In this career summary, you will find out what the job of An Office Machine Operator is about and what it is like.
After reading this, you will have a good idea on what the job is about and decide if this is the right career for you.
Office Machine Operators operate one or more of a variety of office machines, such as photocopying, photographic, and duplicating machines, or other office machines.
- Read job orders to determine the type of work to be done, the quantities to be produced, and the materials needed.
- Operate office machines such as high speed business photocopiers, readers, scanners, addressing machines, stencil-cutting machines, microfilm readers or printers, folding and inserting machines, bursters, and binder machines.
- Place original copies in feed trays, feed originals into feed rolls, or position originals on tables beneath camera lenses.
- Compute prices for services and receive payment, or provide supervisors with billing information.
$30980 per year
Office Machine Operators with little to no experience tend to make between $19340 and $23020 while the more experienced ones make over $37170 per year.
|Top 5 paying states||Hourly||Annual|
1 of the easiest ways to increase your salary as An Office Machine Operator is to move to a higher paying state like HI. Right now, the highest paying states for Office Machine Operators are HI, DC, NE, WA and AK.
However a higher pay at HI doesn’t guarantee that you will make more because the living expenses at HI might be 2x higher than where you are currently at now.
3 other factors that can increase your salary as An Office Machine Operator is the degree you hold, the industry you work in and lastly the company you work for (bigger companies like the Fortune 500 companies tend to pay more).
Recommended degree level
High School Diploma (or GED)
We asked other Office Machine Operators what degree they had when they got the job and most of them said they had a High School Diploma followed by No degree.
Other than that we also asked them what did they major in and here are the most popular majors that came up.
Another popular question from our readers is what makes An Office Machine Operator successful or would they be good in this career.
Well, we found that most successful Office Machine Operators have these 5 skillsets.
|Operation and Control|
In addition to that, 1 common characteristic among successful Office Machine Operators is they are good at Attention to Detail. Here are the top 5 common characteristics.
|Attention to Detail |
= Hot in-demand that most employers are looking for
Pros and Cons
Here are some reasons why you should and shouldn’t choose An Office Machine Operator as your career.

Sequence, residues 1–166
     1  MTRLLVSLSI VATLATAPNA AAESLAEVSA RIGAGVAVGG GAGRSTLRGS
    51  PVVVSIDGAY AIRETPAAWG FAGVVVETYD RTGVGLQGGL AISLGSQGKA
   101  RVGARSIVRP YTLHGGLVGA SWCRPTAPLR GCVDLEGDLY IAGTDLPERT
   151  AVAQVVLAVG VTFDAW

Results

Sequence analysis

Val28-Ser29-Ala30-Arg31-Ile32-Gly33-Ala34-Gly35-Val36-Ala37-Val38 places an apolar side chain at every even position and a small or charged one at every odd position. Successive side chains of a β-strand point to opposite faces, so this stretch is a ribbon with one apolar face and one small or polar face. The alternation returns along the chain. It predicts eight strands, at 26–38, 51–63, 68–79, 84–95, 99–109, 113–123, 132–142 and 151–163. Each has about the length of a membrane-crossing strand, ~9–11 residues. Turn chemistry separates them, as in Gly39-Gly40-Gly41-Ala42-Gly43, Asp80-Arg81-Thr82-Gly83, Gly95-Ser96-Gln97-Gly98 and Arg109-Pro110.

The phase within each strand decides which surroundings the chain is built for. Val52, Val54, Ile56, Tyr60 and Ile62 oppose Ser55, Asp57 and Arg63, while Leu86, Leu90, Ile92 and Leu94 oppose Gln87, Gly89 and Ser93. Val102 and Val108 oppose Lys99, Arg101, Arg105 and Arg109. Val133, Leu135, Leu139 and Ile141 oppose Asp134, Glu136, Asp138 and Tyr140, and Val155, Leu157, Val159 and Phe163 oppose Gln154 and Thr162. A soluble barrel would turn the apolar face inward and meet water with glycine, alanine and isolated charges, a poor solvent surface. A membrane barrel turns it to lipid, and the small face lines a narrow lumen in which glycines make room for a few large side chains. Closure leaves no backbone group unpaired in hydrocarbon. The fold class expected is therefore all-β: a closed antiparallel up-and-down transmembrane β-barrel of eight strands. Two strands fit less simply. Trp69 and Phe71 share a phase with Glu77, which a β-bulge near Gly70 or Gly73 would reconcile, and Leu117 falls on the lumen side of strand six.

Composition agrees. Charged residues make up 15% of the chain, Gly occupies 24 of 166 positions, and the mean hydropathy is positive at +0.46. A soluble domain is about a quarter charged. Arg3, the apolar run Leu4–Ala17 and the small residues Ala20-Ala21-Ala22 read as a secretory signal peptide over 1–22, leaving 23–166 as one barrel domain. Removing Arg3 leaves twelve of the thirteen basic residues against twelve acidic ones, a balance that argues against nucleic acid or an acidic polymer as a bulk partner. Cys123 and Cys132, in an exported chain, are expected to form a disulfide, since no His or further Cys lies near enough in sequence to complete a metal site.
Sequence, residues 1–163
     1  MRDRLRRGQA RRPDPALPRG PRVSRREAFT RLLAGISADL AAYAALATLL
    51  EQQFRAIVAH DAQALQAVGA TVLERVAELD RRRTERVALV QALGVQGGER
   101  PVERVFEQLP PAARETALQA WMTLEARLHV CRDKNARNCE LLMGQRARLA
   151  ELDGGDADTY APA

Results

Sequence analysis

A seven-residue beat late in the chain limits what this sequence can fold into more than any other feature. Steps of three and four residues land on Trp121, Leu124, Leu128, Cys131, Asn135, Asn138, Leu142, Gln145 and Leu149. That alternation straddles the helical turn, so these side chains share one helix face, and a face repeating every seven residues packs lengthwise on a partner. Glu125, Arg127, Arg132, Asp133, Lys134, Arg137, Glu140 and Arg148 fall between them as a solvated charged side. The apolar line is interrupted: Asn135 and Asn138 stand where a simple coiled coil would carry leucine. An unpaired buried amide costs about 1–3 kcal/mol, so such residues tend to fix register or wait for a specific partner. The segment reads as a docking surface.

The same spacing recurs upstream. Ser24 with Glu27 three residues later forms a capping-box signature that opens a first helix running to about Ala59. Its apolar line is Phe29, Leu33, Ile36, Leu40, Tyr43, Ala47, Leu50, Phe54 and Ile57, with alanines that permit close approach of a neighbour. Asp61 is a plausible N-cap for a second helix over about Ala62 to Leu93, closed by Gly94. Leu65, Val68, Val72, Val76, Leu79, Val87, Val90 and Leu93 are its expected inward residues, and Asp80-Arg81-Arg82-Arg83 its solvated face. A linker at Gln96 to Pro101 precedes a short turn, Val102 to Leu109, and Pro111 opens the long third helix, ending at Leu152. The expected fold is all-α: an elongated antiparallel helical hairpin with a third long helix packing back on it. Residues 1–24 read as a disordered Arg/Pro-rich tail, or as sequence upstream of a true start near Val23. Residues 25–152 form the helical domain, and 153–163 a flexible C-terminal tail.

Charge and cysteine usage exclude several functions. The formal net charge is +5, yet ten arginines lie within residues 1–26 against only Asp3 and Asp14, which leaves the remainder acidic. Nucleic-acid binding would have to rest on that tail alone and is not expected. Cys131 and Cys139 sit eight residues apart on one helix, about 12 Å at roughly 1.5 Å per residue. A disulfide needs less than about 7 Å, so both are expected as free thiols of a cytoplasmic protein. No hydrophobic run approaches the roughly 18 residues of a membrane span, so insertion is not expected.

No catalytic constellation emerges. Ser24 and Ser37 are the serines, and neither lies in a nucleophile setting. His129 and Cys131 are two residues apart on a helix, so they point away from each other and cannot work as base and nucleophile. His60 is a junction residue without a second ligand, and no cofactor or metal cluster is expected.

|Suitable for people who likes practical and handson work|
|Suitable for people who wants to work in a supportive work environment|
|This career is perfect for people who love to work indoors.|
|It is easy to get into this career. Some previous workrelated skill, knowledge, or experience is required for this career.|
|Not suitable for people who likes to work with designs|
|One of the lowest paying jobs|
|Demand for this career is declining|
|Long working hours (More than 40 hours per week)|
There will be pros and cons for all jobs. The point is how much do the pros outweigh the cons to you.
A pro to you might be a con to Bob. A pro to Bob might be a con to you. We suggest reading about this career framework that can help you to find out what type of careers are right for you.
What is the job like
Is this job meaningful
More than 40 hours per week
Regular (Set schedule and routine)
On a normal working week Office Machine Operators work More than 40 hours per week.
66% of Office Machine Operators said they were satisfied with their job and 48% said they feel like their job is making other people’s lives better.
Is this right for me
Best personality for this career
The Builders and The Organizers
You can read more about these career personality types here.
People who are suitable for this job tends to like work activities that include practical, hands-on problems and solutions. They like working with plants, animals, and real-world materials like wood, tools, and machinery. Many of the careers require working outside, and do not involve a lot of paperwork or working closely with others.
They also like following set procedures and routines. They like working with data and details more than with ideas.
How we can help
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